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Transdniester Leader Shrugs Off Moscow Call To Go


Transdniestrian leader Igor Smirnov during a meeting with Moldova's prime minister in Bendery on November 21.

Transdniestrian leader Igor Smirnov during a meeting with Moldova's prime minister in Bendery on November 21.

CHISINAU -- The leader of Moldova's breakaway region of Transdniester has told RFE/RL's Moldovan Service that his political future will be decided by voters, not by Russia.

Igor Smirnov, 70, who has led Transdniester for the past two decades, is seeking reelection in a presidential poll scheduled in the self-proclaimed republic on December 11.

Last month the chief of Russia's presidential administration, Sergei Naryshkin, said Moscow would prefer to see a new leader in Transdniester such as Smirnov's main challenger, Anatoli Kaminski, who is currently the speaker of Transdniester's parliament.

Kaminski is also favored by Russian Prime Minister Vladimir Putin. As leader of the ruling United Russia party, Putin sent Kaminski a letter of support ahead of the election.

But in his remarks to RFE/RL on November 21, Smirnov shrugged off Moscow's calls and said they must not be overestimated and taken out of context.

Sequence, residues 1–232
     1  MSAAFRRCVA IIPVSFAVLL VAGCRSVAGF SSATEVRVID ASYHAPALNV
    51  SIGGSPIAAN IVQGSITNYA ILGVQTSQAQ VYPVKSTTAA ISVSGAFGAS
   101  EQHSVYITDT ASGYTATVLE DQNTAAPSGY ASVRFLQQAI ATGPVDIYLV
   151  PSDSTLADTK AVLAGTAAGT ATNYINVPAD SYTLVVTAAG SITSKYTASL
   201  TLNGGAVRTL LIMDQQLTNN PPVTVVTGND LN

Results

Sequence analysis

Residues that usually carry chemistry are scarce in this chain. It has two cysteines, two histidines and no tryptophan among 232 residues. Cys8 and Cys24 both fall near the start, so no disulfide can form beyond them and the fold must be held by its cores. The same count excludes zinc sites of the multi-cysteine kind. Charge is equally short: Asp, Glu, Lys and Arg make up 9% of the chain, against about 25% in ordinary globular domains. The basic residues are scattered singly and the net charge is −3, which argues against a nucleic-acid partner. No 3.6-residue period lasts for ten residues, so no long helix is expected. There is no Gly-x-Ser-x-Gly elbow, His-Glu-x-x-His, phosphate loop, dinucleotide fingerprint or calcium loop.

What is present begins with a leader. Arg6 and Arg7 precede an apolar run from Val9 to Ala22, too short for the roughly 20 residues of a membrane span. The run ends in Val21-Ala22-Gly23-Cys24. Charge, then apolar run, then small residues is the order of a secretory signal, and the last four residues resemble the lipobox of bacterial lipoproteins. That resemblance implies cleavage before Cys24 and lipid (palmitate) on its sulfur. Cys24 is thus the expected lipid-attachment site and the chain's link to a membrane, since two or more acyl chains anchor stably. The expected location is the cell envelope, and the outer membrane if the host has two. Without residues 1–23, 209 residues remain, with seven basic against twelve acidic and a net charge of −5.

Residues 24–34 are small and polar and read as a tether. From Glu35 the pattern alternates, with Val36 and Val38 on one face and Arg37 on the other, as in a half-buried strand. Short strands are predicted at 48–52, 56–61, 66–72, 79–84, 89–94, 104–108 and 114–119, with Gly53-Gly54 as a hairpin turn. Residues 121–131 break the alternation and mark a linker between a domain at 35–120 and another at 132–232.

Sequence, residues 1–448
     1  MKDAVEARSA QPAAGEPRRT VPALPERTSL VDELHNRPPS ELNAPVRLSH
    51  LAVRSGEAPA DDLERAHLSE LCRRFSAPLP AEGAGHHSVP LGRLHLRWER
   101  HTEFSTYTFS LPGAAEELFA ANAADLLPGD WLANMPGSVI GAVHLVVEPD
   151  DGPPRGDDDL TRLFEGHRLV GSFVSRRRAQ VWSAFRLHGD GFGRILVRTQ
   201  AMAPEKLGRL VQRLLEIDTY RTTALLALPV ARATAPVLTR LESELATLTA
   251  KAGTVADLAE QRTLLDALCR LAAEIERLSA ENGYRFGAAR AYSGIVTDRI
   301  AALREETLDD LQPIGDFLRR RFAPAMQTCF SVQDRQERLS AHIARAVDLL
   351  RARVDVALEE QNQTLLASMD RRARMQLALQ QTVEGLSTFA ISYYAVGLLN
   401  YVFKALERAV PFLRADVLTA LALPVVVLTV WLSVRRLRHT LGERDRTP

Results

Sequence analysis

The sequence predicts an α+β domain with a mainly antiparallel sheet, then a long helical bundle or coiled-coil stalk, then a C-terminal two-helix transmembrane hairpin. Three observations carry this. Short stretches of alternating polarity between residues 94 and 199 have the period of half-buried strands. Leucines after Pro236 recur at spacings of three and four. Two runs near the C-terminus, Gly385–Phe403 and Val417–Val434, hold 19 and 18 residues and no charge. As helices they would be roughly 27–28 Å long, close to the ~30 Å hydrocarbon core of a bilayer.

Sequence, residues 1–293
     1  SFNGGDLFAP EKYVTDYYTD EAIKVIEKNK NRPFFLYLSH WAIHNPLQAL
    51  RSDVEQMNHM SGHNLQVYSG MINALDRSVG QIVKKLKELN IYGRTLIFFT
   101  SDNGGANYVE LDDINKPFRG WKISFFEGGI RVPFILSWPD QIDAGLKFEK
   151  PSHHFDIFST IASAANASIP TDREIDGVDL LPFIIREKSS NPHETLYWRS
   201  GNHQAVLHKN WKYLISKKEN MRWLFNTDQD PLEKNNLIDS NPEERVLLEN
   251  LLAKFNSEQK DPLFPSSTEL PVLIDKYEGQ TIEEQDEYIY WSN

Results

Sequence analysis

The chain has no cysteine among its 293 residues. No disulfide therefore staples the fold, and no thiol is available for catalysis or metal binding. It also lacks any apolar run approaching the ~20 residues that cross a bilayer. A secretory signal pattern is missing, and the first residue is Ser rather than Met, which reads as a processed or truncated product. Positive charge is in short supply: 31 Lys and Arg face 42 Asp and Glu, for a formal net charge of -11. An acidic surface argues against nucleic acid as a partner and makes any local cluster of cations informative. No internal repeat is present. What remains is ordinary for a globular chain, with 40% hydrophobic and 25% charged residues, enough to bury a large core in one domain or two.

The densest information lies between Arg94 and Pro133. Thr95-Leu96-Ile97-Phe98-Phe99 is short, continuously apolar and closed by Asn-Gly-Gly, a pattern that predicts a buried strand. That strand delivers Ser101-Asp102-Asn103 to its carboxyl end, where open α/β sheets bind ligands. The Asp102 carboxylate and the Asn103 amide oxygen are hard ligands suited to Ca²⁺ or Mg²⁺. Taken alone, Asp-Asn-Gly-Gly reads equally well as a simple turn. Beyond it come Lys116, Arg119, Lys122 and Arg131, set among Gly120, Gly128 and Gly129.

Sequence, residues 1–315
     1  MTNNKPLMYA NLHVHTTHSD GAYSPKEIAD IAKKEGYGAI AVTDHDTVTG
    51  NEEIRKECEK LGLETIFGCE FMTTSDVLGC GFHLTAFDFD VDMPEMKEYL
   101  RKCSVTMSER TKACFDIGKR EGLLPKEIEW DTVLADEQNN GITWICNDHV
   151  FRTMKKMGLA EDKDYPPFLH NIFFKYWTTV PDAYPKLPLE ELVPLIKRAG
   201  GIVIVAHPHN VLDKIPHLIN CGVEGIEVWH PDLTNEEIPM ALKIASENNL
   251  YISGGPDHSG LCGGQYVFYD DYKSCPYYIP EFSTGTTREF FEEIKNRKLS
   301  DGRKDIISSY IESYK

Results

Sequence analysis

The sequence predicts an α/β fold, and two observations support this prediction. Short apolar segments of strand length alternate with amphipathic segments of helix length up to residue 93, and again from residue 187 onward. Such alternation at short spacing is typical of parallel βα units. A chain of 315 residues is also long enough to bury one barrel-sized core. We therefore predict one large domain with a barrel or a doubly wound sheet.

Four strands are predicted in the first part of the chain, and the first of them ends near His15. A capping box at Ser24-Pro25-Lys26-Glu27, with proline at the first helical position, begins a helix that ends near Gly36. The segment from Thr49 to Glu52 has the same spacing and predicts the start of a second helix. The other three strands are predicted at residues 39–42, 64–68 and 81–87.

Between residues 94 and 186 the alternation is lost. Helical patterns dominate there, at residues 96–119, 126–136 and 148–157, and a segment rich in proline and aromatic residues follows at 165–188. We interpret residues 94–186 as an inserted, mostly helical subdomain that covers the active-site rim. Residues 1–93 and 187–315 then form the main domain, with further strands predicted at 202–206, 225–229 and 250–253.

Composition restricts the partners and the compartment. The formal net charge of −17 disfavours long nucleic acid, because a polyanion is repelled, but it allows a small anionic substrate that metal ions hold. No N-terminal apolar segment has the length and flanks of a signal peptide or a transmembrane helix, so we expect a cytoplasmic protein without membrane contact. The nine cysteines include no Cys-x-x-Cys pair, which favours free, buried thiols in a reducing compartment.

"It was also the president of Russia who said the people have a right to elect [their leaders], and this is the principle we respect. It is a different question if one gets elected or not," he said.

The Transdniestrian leader made the remarks after a rare meeting on November 21 with Moldovan Prime Minister Vlad Filat in the city of Bender (Tighina), which lies on the demarcation line between Moldova proper and its breakaway region.

After their discussions, Filat and Smirnov announced that official talks aimed at resolving the Transdniester conflict will be resumed in Vilnius on November 30-December 1 after a five-year break.

International mediators from the "5+2" group -- Russia, Ukraine, the European Union, the United States, and the Organization for Security and Cooperation in Europe -- have been involved in efforts to resolve Moldova's two-decade-old territorial dispute with Transdniester, which seceded in 1990.
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